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Nest wants anyone, even Apple, to start writing software for its products

Nest wants anyone, even Apple, to start writing software for its products

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Nest is about to give its Learning Thermostat and Protect smoke detector a big potential boost in functionality. The Google-owned company has just launched its developer program and API, which will let anyone write software that can integrate with Nest's products. The initiative was first announced last September, but Nest's developer portal is now open after a year of work to anyone with a free Nest account.

Greg Hu, senior product manager at Nest, said the program's goal was let anyone with a connected platform talk to Nest's products. "It could be software, it could be hardware, it could be a service," Hu says. "You just need a connected platform and that's it." To show off what its new platform can do, Hu and the Nest team have lined up a variety of initial partners — from massive companies like Mercedes-Benz and Whirlpool to smaller players like Jawbone and IFTTT.

"You just need a connected platform, and that's it."

Probably the headlining feature Nest is showcasing comes as a result of its Mercedes partnership: ETA. "Basically, it's estimated time of arrival, which tells Nest when a person is actually going to be home so that we can heat or cool accordingly," says Hu. The partnership with Mercedes was first announced back at CES earlier this year, but anyone will be able to use the ETA feature, allowing users to send a signal to their device at home and have the Nest kick on so the house is comfortable when you arrive. ETA sounds like a clear response to Honeywell's recently-announced Lyric thermostat, which uses geofencing to activate its heating and cooling system when you're on your way home.

In addition to having access to Nest thermostat controls, they also have access to the Protect's smoke and CO2 event alerts, which opens up new ways for users to get notified or alerted to potential hazards. Lifx, an Australian company that makes Wi-Fi LED lightbulbs, came up with a way to turn all the lights in a house red when the Nest Protect detects smoke. The red color makes it easier to see through smoke, and the lights pulse as well — providing visual cues to a hearing-impaired person who might otherwise miss an audible alert.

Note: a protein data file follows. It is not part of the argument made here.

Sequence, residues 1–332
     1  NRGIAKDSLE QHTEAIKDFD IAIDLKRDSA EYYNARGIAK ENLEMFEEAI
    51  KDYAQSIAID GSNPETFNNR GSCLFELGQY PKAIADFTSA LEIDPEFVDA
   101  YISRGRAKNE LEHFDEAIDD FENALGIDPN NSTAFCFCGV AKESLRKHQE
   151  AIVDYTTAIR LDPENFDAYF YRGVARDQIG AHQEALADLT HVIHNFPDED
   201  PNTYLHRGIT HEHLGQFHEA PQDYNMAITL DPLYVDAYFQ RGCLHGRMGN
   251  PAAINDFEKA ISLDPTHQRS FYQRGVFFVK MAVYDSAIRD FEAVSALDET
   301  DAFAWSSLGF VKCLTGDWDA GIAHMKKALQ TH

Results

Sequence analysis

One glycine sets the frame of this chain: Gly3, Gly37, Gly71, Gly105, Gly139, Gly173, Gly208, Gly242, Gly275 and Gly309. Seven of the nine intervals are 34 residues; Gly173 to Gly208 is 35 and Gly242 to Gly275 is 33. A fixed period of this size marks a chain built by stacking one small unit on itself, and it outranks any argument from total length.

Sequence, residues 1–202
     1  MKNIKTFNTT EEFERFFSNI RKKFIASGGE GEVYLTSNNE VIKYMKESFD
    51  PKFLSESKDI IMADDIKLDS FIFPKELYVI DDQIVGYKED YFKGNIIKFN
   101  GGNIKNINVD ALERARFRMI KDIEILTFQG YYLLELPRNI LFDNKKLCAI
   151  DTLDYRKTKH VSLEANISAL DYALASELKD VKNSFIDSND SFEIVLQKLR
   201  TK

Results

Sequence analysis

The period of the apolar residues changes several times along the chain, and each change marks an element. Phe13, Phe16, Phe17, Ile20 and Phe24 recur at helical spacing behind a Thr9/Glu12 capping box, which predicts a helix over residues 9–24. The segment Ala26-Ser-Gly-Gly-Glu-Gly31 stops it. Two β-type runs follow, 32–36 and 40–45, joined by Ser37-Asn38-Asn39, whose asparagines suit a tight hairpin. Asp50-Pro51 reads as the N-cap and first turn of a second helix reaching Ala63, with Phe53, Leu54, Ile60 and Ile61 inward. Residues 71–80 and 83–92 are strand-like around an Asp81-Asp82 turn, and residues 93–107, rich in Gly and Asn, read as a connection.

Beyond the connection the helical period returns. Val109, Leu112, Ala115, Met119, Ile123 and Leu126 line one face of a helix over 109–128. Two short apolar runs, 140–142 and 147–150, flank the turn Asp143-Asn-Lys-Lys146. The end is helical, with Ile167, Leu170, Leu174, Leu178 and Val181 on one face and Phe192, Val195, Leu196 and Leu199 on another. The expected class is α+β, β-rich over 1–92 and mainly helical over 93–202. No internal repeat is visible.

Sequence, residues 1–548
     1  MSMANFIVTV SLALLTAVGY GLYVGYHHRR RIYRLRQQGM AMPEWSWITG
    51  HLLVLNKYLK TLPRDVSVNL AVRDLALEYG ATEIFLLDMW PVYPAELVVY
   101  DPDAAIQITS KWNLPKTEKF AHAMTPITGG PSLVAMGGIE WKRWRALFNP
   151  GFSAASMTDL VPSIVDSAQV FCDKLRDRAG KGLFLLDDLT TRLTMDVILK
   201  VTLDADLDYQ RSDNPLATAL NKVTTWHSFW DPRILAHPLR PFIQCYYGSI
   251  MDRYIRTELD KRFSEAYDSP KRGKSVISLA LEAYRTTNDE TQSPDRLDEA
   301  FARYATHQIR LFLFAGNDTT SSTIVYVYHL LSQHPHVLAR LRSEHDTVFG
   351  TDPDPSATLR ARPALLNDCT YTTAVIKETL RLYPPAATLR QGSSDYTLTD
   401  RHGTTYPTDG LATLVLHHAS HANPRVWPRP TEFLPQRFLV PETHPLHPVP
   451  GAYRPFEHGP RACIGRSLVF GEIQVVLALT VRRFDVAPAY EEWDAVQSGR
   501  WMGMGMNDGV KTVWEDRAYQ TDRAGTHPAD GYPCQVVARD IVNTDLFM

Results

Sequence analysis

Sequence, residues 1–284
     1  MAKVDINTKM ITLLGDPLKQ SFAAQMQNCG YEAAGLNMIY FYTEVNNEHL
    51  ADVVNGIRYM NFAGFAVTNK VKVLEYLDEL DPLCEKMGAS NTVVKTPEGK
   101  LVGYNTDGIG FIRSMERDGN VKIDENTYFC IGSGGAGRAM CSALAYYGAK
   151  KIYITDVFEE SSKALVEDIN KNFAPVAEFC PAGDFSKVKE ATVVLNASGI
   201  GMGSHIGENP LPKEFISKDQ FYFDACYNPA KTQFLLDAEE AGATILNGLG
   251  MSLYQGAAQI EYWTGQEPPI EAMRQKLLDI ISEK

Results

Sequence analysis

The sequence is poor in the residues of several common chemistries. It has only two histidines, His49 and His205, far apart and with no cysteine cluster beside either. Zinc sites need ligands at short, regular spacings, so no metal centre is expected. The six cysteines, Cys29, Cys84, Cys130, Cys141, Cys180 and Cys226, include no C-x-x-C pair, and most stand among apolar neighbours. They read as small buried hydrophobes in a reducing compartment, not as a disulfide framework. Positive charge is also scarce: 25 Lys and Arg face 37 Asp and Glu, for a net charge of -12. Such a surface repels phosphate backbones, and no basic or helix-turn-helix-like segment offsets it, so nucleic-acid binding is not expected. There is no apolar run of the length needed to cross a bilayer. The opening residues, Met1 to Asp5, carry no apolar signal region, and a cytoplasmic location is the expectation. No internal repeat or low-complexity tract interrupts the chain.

The endlessly customizable service IFTTT is another API partner, and the flexibility the service offers means developers will likely come up with a wide variety of potential actions. "One example would be if Nest Protect detects smoke, you can get a text messages sent to your neighbors," Hu says. "That's surprisingly simple and powerful at the same time — you can extend what is a typical kind of personal safety notification to people who can help you in those situations."

Any company — even Apple — is welcome to use the Nest API

Developer creations will have to make it past one stage of review, once they hit 1,000 users. "We're checking it, testing it twice, and ensuring that it's a really good customer experience," says Hu. "We have developer guidelines, UI guidelines, and everything's really clear on our developer portal." When asked if Nest would accept software written by Apple, Hu reiterates that "any company is welcome to join the program" as long as a developer follows Nest's "fairly straightforward guidelines."

The timing of the launch makes a lot of sense for Nest — Google I/O kicks off on June 25th, and the company will be there to hold a session with co-founder Matt Rodgers to get developers on board with its new platform. While the company only has two products available and appears to be content releasing things at a measured pace, the ability to extend the features of those devices automatically strengthens Nest's position in the smart home. While it doesn't appear that any one company will crack that code in the near future, if Nest's new API means it can gain big traction with developers (like Apple did with the App Store back in 2008), it could have a big leg up on the competition going forward.